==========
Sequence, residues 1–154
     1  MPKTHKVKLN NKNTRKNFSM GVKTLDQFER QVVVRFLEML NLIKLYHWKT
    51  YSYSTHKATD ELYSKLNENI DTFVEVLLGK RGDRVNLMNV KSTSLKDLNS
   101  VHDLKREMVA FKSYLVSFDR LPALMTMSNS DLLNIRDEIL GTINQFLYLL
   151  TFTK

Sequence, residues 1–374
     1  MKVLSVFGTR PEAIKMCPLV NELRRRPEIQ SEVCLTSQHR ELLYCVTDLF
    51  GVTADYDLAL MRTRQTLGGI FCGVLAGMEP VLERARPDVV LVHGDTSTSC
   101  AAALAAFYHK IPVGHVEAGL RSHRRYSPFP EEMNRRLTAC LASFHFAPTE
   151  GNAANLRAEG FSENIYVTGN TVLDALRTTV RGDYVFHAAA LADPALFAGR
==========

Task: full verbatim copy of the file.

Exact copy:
Sequence, residues 1–154
     1  MPKTHKVKLN NKNTRKNFSM GVKTLDQFER QVVVRFLEML NLIKLYHWKT
    51  YSYSTHKATD ELYSKLNENI DTFVEVLLGK RGDRVNLMNV KSTSLKDLNS
   101  VHDLKREMVA FKSYLVSFDR LPALMTMSNS DLLNIRDEIL GTINQFLYLL
   151  TFTK

Sequence, residues 1–374
     1  MKVLSVFGTR PEAIKMCPLV NELRRRPEIQ SEVCLTSQHR ELLYCVTDLF
    51  GVTADYDLAL MRTRQTLGGI FCGVLAGMEP VLERARPDVV LVHGDTSTSC
   101  AAALAAFYHK IPVGHVEAGL RSHRRYSPFP EEMNRRLTAC LASFHFAPTE
   151  GNAANLRAEG FSENIYVTGN TVLDALRTTV RGDYVFHAAA LADPALFAGR